Anastopoulos, A. D., Langberg, J. M, Eddy, L. D., Silvia, P. J., & Labban, J. D. (2021). A
randomized control trial examining CBT for college students with ADHD. Journal of Consulting and Clinical Psychology, 89(1), 21-33.
Atwood, M. E., & Friedman, A. (2020). A systematic review of enhanced cognitive behavioral
therapy (CBT‐E) for eating disorders. International Journal of Eating Disorders, 53(3), 311-330.
Butler, R. M., O’Day, E. B., Swee, M. B., Horenstein, A., & Heimberg, R. G. (2020). Cognitive
behavioral therapy for social anxiety disorder: Predictors of treatment outcome in a quasi-naturalistic setting. Behavior Therapy.
Felder, J. N., Epel, E. S., Neuhaus, J., Krystal, A. D., & Prather, A. A. (2020). Efficacy of digital
cognitive behavioral therapy for the treatment of insomnia symptoms among pregnant women: a randomized clinical trial. JAMA psychiatry, 77(5), 484-492.
Rubin-Falcone, H., Weber, J., Kishon, R., Ochsner, K., Delaparte, L., Doré, B., Raman, S.,
Denny, B. T., Oquendo, M. A., Mann, J. J., & Miller, J. M. (2020). Neural predictors and effects of cognitive behavioral therapy for depression: The role of emotional reactivity and regulation. Psychological Medicine, 50(1), 146-160.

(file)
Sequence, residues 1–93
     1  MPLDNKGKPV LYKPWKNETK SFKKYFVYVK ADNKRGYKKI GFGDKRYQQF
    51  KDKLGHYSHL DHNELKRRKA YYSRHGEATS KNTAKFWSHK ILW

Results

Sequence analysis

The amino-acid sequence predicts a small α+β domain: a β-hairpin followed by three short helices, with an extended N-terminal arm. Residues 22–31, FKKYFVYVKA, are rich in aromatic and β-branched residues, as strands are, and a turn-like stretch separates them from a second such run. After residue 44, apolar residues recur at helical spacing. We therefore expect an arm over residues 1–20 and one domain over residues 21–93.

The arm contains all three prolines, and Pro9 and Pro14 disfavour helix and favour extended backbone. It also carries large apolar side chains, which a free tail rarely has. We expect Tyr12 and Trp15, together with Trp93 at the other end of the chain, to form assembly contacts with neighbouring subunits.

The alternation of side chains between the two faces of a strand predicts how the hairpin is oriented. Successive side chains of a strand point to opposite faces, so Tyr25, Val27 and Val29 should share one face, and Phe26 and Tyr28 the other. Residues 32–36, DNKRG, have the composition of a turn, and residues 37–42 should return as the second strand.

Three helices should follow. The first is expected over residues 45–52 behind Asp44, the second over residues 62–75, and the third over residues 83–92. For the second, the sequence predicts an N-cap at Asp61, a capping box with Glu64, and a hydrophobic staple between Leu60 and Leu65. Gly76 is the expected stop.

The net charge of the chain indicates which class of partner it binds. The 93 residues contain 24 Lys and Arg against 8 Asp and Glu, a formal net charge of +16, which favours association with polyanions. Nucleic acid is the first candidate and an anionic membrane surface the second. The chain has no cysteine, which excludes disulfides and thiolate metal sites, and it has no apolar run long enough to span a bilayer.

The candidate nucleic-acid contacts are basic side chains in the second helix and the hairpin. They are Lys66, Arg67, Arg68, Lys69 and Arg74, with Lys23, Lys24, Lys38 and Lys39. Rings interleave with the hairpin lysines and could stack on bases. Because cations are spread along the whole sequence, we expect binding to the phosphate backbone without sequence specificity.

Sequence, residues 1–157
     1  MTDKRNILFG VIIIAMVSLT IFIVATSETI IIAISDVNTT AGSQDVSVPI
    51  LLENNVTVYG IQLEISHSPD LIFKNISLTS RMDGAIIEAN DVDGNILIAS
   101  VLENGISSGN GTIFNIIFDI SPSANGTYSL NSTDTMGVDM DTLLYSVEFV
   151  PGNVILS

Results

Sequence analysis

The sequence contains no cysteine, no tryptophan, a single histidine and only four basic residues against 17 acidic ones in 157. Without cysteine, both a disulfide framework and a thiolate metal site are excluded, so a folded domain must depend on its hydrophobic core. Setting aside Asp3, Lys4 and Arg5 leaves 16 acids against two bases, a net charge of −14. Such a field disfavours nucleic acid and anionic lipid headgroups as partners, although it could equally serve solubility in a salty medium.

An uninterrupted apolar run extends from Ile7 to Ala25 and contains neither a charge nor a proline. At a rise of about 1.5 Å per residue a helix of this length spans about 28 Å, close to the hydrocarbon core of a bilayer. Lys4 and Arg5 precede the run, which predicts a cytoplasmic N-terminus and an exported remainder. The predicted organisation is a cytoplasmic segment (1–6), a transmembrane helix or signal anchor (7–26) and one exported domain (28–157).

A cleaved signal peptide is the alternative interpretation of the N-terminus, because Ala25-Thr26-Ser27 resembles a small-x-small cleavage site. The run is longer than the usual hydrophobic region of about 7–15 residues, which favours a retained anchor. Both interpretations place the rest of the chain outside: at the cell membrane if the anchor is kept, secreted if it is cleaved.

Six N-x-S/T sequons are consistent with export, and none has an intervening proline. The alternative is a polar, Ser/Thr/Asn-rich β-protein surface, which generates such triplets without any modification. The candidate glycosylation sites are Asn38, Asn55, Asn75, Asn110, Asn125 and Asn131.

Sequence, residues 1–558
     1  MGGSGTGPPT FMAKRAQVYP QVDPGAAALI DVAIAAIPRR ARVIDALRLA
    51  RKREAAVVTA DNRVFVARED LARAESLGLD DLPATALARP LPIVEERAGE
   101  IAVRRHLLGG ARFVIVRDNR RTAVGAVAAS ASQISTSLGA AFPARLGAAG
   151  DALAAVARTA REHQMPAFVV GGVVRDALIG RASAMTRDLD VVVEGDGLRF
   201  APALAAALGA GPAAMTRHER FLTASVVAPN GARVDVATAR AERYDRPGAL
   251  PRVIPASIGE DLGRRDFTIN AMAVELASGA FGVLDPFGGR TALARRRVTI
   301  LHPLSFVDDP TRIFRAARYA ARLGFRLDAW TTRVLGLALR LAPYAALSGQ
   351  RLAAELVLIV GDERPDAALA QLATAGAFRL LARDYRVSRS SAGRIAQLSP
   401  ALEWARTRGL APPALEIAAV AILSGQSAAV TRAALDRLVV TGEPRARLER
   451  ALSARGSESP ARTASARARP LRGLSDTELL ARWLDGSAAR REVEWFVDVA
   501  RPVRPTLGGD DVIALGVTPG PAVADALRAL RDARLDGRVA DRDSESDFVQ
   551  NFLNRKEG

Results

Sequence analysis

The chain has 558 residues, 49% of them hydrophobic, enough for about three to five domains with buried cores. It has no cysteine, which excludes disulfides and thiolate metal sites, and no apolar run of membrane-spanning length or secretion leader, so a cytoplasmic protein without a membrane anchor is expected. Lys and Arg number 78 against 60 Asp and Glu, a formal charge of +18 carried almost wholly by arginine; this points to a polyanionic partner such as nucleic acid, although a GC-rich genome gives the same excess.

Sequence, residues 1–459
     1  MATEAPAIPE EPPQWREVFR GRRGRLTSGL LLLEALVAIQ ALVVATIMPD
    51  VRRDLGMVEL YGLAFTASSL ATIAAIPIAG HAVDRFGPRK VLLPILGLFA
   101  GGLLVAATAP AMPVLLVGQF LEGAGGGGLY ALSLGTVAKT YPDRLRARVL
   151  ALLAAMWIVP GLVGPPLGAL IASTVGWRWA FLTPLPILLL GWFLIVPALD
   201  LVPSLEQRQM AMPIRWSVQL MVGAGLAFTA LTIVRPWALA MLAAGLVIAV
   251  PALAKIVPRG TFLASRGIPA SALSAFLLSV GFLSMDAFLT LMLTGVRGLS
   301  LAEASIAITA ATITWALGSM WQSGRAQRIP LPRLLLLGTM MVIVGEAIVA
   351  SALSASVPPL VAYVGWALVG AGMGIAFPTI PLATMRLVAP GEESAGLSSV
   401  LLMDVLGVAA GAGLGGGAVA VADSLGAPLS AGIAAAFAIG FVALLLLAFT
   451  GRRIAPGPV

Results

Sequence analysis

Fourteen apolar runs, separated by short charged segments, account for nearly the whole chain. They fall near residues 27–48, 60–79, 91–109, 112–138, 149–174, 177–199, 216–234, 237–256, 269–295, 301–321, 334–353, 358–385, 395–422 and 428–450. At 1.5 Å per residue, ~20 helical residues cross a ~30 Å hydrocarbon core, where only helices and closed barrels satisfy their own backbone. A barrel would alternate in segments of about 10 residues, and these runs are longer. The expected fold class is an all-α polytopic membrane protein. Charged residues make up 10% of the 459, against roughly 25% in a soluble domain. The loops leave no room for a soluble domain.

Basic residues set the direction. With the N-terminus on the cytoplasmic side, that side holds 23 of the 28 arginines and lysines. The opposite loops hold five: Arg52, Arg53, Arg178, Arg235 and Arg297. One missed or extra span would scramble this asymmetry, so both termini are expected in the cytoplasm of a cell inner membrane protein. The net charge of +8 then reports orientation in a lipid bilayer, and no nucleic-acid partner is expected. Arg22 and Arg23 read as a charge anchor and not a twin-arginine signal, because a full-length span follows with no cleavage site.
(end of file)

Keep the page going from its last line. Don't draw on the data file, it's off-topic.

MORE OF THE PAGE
Selles, R. R., Højgaard, D. R., Ivarsson, T., Thomsen, P. H., McBride, N. M., Storch, E. A.,
Geller, D., Wilhelm, S., Farrell, L. J., Waters, A. M., Mathieu, S., & Stewart, S. E. (2020). Avoidance, insight, impairment recognition concordance, and cognitive-behavioral therapy outcomes in pediatric obsessive-compulsive disorder. Journal of the American Academy of Child & Adolescent Psychiatry, 59(5), 650-659.
Wiedemann, M., Stott, R., Nickless, A., Beierl, E. T., Wild, J., Warnock-Parkes, E., Grey, N.,
Clark, D. M., & Ehlers, A. (2020). Cognitive processes associated with sudden gains in cognitive therapy for posttraumatic stress disorder in routine care. Journal of Consulting and Clinical Psychology, 88(5), 455-469.